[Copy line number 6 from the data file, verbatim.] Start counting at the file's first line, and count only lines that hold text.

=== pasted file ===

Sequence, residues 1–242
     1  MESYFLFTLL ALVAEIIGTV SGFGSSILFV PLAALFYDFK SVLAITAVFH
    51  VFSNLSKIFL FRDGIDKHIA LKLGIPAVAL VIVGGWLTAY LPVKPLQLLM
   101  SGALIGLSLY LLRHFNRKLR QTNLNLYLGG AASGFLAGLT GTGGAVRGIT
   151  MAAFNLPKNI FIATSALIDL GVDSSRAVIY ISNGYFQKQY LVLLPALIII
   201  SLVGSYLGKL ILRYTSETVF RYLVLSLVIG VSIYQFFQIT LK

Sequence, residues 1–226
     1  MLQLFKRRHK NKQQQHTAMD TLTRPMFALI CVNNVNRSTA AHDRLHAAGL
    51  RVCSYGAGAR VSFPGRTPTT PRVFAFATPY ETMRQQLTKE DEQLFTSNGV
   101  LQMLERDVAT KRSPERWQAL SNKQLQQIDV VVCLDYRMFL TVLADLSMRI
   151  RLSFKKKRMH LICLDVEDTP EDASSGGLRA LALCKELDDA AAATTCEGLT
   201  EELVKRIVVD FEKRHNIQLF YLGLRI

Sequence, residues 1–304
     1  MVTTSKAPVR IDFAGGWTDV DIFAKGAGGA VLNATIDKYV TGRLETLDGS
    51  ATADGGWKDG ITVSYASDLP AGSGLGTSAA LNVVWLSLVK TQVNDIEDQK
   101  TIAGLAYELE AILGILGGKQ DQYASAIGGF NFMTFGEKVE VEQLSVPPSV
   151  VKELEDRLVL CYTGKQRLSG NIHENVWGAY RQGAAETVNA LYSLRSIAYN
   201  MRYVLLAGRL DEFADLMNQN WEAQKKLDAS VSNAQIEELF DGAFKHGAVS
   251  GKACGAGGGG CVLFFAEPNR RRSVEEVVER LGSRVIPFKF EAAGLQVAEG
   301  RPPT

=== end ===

   201  SLVGSYLGKL ILRYTSETVF RYLVLSLVIG VSIYQFFQIT LK